Better Me

Acne Care Dos and Don’ts

We always hear, “It’s what’s on the inside that counts” and “beauty is only skin deep.”

Yes, our character—what’s inside—is more meaningful, but if you’re battling skin issues such as acne, blackheads and cysts, it may be hindering you from feeling like your confident, outgoing self.

While anyone can get acne, it can vary in severity person-to-person and can be affected by things like genetics and hormone changes.

And for some, it can affect more than their appearance. Mild to severe acne can contribute to mental health issues, such as depression, anxiety and a poor self-image. Studies show that the longer acne lasts, the more likely it can affect one’s emotions.

If you are suffering from mild to severe acne, don’t let it get you down, said Trevor Thompson, MD, a dermatologist at Banner Health Center in Peoria, Arizona. Take control over your acne.

Dr. Thompson came to our rescue with nine things to do and not to do to help say bye, bye to acne and let your personality shine through.

1. DO use a mild non-abrasive cleanser

Wash your face with a mild cleanser, such as Cetaphil, and warm water once or twice a day—especially after you work out or have been sweating.

“Basic skincare is a great place to start, but if you are still experiencing acne symptoms and your skin isn’t too dry, consider a trial of a mild acne wash containing salicylic acid or a slightly stronger benzoyl peroxide (3-4%),” Dr. Thompson said. “For many individuals, higher concentrations of benzoyl peroxide can cause more skin irritation, so be careful."

2. DON’T overdo face washing

It may seem intuitive that washing your face more can help get rid of those pesky zits and blackheads, but you may just make things worse.

“Remember to not over-wash as this can strip away the natural oils from your skin and sometimes leave your skin feeling tight, red and dry,” Dr. Thompson said. “Instead, just stick to washing in the morning, at night and after you sweat.”

3. DO watch your sun exposure

You may have also believed at one time or another that getting out in the sun can help dry up your acne.

While there is some evidence that vitamin D (which you can get from the sun and certain foods) has antimicrobial properties and can help reduce inflammation, too much time in the sun isn’t good for acne or your skin. In fact, it can put you at greater risk for sun damage—or worse, skin cancer. If your sun exposure is limited, such as during the winter months, you’ll want to make sure you get a sufficient amount of vitamin D in your diet or through supplements.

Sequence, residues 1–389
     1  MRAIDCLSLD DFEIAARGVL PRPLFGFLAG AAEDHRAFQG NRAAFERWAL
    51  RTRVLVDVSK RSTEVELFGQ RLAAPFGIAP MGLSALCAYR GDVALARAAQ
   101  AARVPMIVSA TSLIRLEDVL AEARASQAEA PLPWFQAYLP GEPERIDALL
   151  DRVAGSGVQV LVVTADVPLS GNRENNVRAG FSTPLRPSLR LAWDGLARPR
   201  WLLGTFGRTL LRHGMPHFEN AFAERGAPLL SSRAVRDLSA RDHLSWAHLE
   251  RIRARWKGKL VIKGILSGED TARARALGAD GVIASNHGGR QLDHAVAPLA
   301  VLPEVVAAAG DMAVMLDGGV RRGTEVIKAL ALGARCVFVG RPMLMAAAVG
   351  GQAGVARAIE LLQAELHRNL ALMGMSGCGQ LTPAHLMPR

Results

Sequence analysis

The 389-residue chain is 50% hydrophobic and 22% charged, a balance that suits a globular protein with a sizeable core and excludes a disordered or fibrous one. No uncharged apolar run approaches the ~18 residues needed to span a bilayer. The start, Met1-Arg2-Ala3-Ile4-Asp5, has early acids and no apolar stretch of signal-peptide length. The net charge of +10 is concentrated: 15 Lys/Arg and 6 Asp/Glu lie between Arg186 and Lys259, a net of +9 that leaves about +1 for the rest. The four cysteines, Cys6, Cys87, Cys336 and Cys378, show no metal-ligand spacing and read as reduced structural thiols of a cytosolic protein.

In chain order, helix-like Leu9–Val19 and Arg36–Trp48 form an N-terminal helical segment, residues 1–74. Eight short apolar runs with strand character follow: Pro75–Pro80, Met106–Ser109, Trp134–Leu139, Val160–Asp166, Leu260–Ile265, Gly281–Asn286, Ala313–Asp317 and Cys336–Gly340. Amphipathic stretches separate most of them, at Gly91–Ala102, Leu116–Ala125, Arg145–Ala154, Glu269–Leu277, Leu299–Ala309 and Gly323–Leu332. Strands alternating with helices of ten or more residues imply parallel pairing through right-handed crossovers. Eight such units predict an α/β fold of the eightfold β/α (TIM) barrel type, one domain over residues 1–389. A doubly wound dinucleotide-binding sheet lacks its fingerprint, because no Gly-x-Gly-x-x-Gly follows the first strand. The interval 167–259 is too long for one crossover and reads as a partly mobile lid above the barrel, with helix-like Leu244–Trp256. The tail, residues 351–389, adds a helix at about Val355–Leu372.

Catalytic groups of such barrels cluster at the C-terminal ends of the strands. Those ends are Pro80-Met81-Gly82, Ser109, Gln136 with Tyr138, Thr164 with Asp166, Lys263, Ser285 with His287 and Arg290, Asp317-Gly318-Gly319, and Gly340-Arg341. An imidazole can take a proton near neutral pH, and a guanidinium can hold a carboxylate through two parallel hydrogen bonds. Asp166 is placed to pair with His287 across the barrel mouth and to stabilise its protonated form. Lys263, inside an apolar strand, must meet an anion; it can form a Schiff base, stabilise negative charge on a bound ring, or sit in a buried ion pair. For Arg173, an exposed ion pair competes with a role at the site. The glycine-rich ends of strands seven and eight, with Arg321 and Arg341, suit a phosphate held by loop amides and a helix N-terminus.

Some acne medications can also make you more sensitive to the sun. You’ll want to check to see if your acne medication includes any warnings.

If you’ll be outdoors, wear a wide-brimmed hat and soft, breathable fabrics to cover your vulnerable skin and ask your doctor which sunscreen is best for you.

4. DON’T be cruel to your skin

“A gentle approach to skincare is generally preferred for most as opposed to harsher, exfoliating products that can cause more skin irritation,” Dr. Thompson said.

He shared a few things you should try to avoid:

  • Products that irritate your skin, such as astringents, toners and exfoliants
  • Vigorous scrubbing or rubbing
  • Touching or resting your hands on your face
  • Squeezing, picking and frequent popping (This can just lead to skin inflammation, discoloration and risk of scarring)

5. DO watch what you eat and drink

While that chocolate bar and hamburger won’t cause your acne, a poor diet won’t help it. Make sure your staying hydrated by drinking plenty of water throughout the day and stick to a balanced diet rich in lean proteins, fruits and vegetables. Avoid consuming sweetened or artificially sweetened beverages and limit sugars and carbohydrates in your diet.

“Interestingly, increased milk consumption—especially skim milk—can worsen acne, so limiting your dairy intake may help as well,” Dr. Thompson said.

6. DON’T cover or conceal acne with cosmetics

“Be careful with using makeup to hide your blemishes,” Dr. Thompson advised. “Many individuals with problematic acne use cosmetics to try and conceal acne, but more makeup can block pores leading to more acne—creating a vicious cycle. Try and limit the amount you use and gently wash it off when possible.”

If you prefer to wear makeup, consider a mineral makeup, preferably a powder, and remember to wash your makeup brushes and sponges regularly to prevent oil and bacteria from building up.

7. DO clean your phone

Our smartphones are almost like another appendage of our bodies these days—especially for tweens and teens. While overuse of technology is a whole other topic we’ve discussed, your phone can also harbor bacteria, including the kind that contribute to acne. Make sure you regularly disinfect your phone.

8. DON’T over examine your skin

Warning: Objects (i.e., your acne and pores) may be larger than they appear. Be careful with mirrors—especially those over-magnified makeup mirrors.

“No one’s skin looks ‘normal’ with this degree of magnification,” Dr. Thompson said. “These types of mirrors often lead people to spend more time picking, squeezing and damaging their skin.”

9. DO see a dermatologist

Don’t let acne keep you from putting your best face forward. If you or a family member is having concerns, challenges or problems with your skin, controlling acne or cystic lesions, schedule an appointment with a dermatologist.

“Acne severity can be related to genetics while others may just have more challenges with acne,” Dr. Thompson said. “Whether you’re a teenager or an adult suffering from acne, a dermatologist can provide additional ideas, tips or prescription treatments and can help devise a solid skincare regimen. Dermatologists are here to help.”

To find a Banner Health dermatologist near you, visit

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